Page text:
which accounts for the losslessness of the filter. The frequencies $\left({w}_{k}\right)$ are perfect matching points where $\delta ({S}_{2,2}\left({w}_{k}\right),{L}_{1,1}\left({w}_{k}\right))=0$ holds, while the real zeros $\left({x}_{k}\right)$ of $r$ are perfect rejection points (i.e. $\delta ({S}_{2,2}\left({x}_{k}\right),{L}_{1,1}\left({x}_{k}\right))=1$). The interpolation problem is therefore a point-wise version of our original matching-rejection problem. The monic restriction on $p$ and $q$ ensures the realizability of the filter in terms of coupled resonating circuits. If a perfect phase shifter is added in front of the filter, realized for example with a transmission line on a narrow frequency band, these monic restrictions can be dropped and an extra interpolation point ${w}_{n+1}$ is added, thereby yielding another interpolation problem $\widehat{\mathcal{P}}$. Our main result, states that $\mathcal{P}$ as well as $\widehat{\mathcal{P}}$ admit a unique solution. Moreover the evaluation map defined by $\psi \left(p\right)=\left(p/q\left({x}_{1}\right),\cdots ,p/q\left({x}_{n}\right)\right)$ is a homeomorphism from monic polynomials of degree $n$ onto ${\mathbb{D}}^{n}$ ($\mathbb{D}$ the complex open disk), and ${\psi}^{-1}$ is a diffeomorphism on an open, connected, dense set of ${\mathbb{D}}^{n}$. This last property has shown to be crucial for the design of an effective computational procedure based on continuation techniques. Current implementations of the latter tackle instances of $\mathcal{P}$ or $\widehat{\mathcal{P}}$ for $n=10$ in less than $0.1\phantom{\rule{0.166667em}{0ex}}\phantom{\rule{0.166667em}{0ex}}sec$, and allow for a recursive use of this interpolation framework in multiplexer synthesis problems. The detailed mathematical proofs can be found in [11].

#### Uniform matching and global optimality considerations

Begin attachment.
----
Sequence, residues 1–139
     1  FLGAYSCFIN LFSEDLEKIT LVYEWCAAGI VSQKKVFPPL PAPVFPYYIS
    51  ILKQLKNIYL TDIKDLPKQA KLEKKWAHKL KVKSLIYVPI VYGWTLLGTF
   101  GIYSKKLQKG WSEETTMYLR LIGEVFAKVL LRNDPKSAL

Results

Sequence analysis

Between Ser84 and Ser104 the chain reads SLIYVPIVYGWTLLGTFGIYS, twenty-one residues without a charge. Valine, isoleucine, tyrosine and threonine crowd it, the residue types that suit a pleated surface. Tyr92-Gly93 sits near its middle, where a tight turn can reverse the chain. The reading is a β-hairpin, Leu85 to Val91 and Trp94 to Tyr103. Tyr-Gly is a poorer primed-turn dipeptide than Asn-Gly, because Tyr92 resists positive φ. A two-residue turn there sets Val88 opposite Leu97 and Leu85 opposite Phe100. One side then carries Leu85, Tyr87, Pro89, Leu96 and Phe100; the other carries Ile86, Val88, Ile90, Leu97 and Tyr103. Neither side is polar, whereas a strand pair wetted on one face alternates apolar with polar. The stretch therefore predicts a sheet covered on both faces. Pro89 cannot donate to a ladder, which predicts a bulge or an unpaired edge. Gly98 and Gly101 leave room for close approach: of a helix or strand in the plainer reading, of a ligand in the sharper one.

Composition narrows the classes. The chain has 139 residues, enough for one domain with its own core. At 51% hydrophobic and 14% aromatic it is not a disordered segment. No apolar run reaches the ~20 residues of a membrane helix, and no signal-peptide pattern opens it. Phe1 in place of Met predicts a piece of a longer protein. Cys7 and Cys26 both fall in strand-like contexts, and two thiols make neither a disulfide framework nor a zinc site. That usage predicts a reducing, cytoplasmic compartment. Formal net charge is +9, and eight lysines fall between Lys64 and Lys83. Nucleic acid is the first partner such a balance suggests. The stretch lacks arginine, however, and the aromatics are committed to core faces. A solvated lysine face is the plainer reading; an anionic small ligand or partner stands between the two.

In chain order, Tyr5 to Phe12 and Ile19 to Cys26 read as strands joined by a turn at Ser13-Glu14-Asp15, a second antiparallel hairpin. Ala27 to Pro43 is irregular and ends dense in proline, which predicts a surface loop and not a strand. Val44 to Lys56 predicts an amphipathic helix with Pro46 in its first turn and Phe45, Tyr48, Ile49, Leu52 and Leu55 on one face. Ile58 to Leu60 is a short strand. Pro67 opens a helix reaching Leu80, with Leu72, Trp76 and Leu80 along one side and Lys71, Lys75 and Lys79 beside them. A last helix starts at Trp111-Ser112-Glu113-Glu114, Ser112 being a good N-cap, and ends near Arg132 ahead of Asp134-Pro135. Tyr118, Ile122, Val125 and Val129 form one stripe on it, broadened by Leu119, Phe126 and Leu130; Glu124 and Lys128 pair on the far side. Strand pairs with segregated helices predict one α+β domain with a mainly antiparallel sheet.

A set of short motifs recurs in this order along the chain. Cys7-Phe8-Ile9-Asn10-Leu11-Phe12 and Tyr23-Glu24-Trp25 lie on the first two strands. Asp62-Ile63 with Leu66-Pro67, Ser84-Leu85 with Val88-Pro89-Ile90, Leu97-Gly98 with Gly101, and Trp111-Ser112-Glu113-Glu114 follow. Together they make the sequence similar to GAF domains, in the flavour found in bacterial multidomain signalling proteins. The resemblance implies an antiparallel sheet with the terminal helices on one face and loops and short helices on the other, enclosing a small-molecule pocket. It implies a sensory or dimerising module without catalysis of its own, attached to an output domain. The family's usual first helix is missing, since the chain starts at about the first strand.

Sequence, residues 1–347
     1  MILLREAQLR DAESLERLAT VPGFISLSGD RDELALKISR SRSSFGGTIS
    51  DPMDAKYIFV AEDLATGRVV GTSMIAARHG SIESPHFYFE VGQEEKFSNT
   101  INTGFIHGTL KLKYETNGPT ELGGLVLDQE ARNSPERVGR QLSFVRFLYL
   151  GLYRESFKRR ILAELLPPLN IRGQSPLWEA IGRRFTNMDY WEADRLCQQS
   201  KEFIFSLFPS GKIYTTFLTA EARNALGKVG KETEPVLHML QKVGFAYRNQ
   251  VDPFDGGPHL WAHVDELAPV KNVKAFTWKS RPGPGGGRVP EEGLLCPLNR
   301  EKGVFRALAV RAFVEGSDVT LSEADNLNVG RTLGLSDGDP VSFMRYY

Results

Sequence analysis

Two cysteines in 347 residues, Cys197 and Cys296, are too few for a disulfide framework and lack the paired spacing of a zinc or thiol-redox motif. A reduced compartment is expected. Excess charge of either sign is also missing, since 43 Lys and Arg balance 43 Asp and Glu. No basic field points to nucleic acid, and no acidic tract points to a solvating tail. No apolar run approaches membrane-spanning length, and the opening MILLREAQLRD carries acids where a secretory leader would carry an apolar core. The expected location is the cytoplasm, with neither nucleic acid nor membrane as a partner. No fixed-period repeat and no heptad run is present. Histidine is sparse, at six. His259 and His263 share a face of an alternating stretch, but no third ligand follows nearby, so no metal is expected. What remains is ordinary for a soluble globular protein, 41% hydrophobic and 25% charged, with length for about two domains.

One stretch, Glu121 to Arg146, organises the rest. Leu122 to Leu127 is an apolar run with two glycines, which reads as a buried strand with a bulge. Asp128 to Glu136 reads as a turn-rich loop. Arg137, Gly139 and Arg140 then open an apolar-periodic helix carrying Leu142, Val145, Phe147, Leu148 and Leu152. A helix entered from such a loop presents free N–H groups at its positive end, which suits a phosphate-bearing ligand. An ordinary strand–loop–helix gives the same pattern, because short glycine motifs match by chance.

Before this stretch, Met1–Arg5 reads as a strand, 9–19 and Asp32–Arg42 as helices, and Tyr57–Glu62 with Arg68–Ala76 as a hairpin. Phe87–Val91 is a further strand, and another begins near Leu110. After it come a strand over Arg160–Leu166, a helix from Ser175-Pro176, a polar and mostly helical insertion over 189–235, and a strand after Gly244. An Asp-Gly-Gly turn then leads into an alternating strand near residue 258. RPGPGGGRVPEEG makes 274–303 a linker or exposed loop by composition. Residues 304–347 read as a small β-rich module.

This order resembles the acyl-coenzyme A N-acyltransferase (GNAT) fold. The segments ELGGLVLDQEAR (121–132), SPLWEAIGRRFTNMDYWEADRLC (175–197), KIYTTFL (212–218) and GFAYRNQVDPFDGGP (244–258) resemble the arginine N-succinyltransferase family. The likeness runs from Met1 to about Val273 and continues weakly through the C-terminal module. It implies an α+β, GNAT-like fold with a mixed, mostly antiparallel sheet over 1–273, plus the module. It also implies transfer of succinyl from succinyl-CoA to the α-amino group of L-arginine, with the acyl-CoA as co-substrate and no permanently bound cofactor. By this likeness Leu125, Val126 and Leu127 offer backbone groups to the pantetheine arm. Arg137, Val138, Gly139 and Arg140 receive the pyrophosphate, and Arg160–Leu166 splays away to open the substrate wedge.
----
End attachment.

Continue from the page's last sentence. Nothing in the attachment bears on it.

The previous interpolation procedure provides us with a matching/rejecting filtering characteristics at a discrete set of frequencies. It can serve as a starting point for heavier optimization procedures, where the matching and rejection specifications are expressed uniformly over the bandwidth. Although the practical results thus obtained are quite convincing, we have no proof of their global optimality. This has led us to seek alternative approaches allowing us to assess, at least in simple cases, global optimality of the obtained response. By optimality of a response we mean, as in classical filtering, a best match of the response in the uniform norm on a given pass-band, while meeting given rejection constraints on a stop-band. Following the approach of Fano and Youla, we considered the problem of designing a $2\times 2$ loss-less frequency response, under the condition that a specified load can be “unchained” from one of its port. This classically amounts to set interpolation conditions on the response at the transmission zeros of the Darlington extension of the load. When the load admits a rational representation of degree 1, and if the transmission zeros of the overall system are fixed, we were able to show that the uniform matching problem over an interval, together with rejection constraints at other frequency locations, reduces to a convex minimization problem with convex constraints over the set of non-negative polynomials of given degree. In this case, which is already of some practical interest for antenna matching (antennas usually exhibit a single resonance in their matching band which is decently approximated in degree 1), it is therefore possible to perform filter synthesis with a guarantee on the global optimality of the obtained characteristics. The constructive aspects of this approach, relying on convex duality and linear programming, were presented in [16], together with an implementation using a SIW (substrate integrated filter). For antennas with a transmission coefficient of higher degree, like dual band antennas, we developed a convex relaxation of the matching problem which yields a set lower bounds on the matching error, for every considered degree of the overall system (matching system + load). This substantially improves Helton's approach, that furnishes a single global theoretical lower bound independent of the degree, obtained via an infinite degree ${H}^{\infty}$ relaxation of the problem.A preliminary version of this approach was presented in [15], while a more detailed paper is under way. We consider this to be an important breakthrough concerning this classical problem in electronics. The implementation of the method involves solving a convex optimization problem on the cone of positive polynomials under some non-linear, yet convex, matrix inequality constraints. Solving the latter combining logarithmic barrier functions and Lagrangian relaxation techniques provided us, for example, with an excellent initial design for a matching network dedicated to an array of dual-band antennas with circular polarization, studied in the context of the ANR Cocoram. Design of matching networks for complex antennas is also considered in collaboration with LEAT, within the context of Gibin's Bose PhD.